, Gender = .X[1,"Gender"]
, SD.Age = sd.age
, CI.lower = t.result$conf.int[1]
, CI.upper = t.result$conf.int[2]
)
return(out)
}
)
#$
# To create a table, create a "TrueAge" column, and join the true with est table
dat.ages.true.long.temp <- dat.ages.true.long
colnames(dat.ages.true.long.temp)[which(colnames(dat.ages.true.long.temp) == "Age")] <- "TrueAge"
library(plyr)
dat.ages.est.long <- join(dat.ages.est.long
, dat.ages.true.long.temp
)
dat.ages.est.long$Bias <- dat.ages.est.long$Age - dat.ages.est.long$TrueAge
#$
# sort by Gender and TrueAge so in same order as plot
dat.ages.est.long <- arrange(dat.ages.est.long, Gender, TrueAge)
# reorder columns
dat.ages.est.long <- dat.ages.est.long[, c("Image", "Gender", "TrueAge", "Age"
, "Bias", "SD.Age", "CI.lower", "CI.upper")]
```
Below is a summary table for each image, and the associated plot.
We will display the original images in class for comparisons.
```{R}
# finally, display beautiful table
dat.ages.est.long
```
```{R, fig.width = 7, fig.height = 7}
# plot data and create table
library(ggplot2)
p <- ggplot(dat.ages.long, aes(x = Age))
p <- p + geom_histogram(aes(fill = GenderOfGuesser), position="stack", binwidth = 2, alpha = 1)
p <- p + geom_rug(alpha = 1/8)
# true ages
p <- p + geom_vline(data = dat.ages.true.long, aes(xintercept = Age)
, colour = "red", linetype = "dotted", size = 1)
# est ages
p <- p + geom_vline(data = dat.ages.est.long, aes(xintercept = Age)
, colour = "blue", size = 1)
p <- p + geom_rect(data = dat.ages.est.long, aes(xmin = CI.lower, xmax = CI.upper, ymin = -1, ymax = 0)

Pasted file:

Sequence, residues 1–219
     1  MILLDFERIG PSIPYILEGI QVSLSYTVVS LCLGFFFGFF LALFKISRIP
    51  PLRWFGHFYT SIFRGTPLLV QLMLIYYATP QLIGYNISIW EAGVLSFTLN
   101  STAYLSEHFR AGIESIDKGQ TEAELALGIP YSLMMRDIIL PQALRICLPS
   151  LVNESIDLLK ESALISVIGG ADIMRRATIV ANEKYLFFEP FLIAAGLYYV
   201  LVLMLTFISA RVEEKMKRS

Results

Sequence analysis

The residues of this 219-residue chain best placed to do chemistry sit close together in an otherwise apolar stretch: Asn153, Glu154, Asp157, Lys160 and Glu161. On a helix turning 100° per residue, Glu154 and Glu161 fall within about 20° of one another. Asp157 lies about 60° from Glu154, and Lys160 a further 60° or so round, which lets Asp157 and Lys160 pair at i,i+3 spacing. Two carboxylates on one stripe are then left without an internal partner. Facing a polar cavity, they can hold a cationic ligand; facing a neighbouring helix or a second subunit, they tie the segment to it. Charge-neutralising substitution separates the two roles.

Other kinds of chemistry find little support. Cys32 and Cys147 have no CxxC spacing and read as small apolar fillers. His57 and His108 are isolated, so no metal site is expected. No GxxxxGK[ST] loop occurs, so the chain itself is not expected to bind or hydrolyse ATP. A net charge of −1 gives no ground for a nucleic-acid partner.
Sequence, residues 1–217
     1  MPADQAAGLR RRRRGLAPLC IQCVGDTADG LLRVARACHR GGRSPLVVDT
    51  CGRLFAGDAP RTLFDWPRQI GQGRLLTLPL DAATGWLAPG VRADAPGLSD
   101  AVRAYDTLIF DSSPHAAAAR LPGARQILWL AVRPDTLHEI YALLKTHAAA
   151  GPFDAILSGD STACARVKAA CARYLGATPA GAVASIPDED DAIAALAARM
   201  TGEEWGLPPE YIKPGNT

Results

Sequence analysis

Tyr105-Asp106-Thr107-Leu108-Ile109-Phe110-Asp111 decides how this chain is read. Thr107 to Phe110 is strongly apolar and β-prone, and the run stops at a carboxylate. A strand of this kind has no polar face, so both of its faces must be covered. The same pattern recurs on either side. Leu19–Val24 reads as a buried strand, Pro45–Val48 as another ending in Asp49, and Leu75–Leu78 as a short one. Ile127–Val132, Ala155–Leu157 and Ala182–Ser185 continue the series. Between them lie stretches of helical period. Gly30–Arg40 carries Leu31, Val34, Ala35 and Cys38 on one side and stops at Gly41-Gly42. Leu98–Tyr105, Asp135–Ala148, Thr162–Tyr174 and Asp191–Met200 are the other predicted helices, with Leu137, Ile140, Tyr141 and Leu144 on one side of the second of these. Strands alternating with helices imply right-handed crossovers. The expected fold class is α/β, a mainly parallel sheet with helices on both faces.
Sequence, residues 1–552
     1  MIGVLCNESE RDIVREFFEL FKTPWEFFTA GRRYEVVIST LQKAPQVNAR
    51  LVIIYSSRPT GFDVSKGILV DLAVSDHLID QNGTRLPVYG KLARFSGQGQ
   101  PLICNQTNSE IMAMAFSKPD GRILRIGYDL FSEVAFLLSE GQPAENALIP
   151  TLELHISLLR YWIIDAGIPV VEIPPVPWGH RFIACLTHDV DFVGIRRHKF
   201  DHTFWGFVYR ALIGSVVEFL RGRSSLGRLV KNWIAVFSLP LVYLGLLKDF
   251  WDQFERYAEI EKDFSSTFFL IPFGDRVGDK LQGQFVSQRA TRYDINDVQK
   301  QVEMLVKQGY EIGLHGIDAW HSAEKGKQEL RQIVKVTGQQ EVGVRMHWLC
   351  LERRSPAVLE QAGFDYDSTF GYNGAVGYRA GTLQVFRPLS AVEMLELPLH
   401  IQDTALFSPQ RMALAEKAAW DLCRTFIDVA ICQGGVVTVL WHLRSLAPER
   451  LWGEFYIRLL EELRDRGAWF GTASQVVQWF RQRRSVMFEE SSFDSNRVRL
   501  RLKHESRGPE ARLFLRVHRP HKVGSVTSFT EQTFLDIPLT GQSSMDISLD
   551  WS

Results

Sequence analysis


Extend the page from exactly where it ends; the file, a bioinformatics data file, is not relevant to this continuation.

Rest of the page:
, fill = "blue", alpha = 1)
p <- p + facet_grid(Gender + Image ~ ., space = "free")
# Legend: Put top-right corner of legend box in top -right corner of graph
p <- p + theme(legend.justification=c(1,1), legend.position=c(1,1))
p <- p + labs(title = "Age guesses\nred dotted = true, blue = est +- 95% CI")
print(p)
```
## Questions to answer
1. (1 p) From the table or plot,
what is the overall pattern of age guesses based on the Gender and Age of the Image
based on the Gender of the guesser?
2. (1 p) The sample who took the Guess the Ages survey were
"Self-selected undergraduate and graduate students in
Stat 427/527 this semester".
Define the population this sample was taken from.
3. (1 p) The population parameter being tested is
"The mean age $\mu_j$ that people in the population would assess for each image $j=1, \ldots, 10$."
(Note, the population parameter is _not_ the true age, rather, it is the _mean assessed age_.
The bias difference of these two is an indicator of whether a person looks young or old for their age.)
The sample statistic is $\bar{Y}_j$, the sample mean for each image.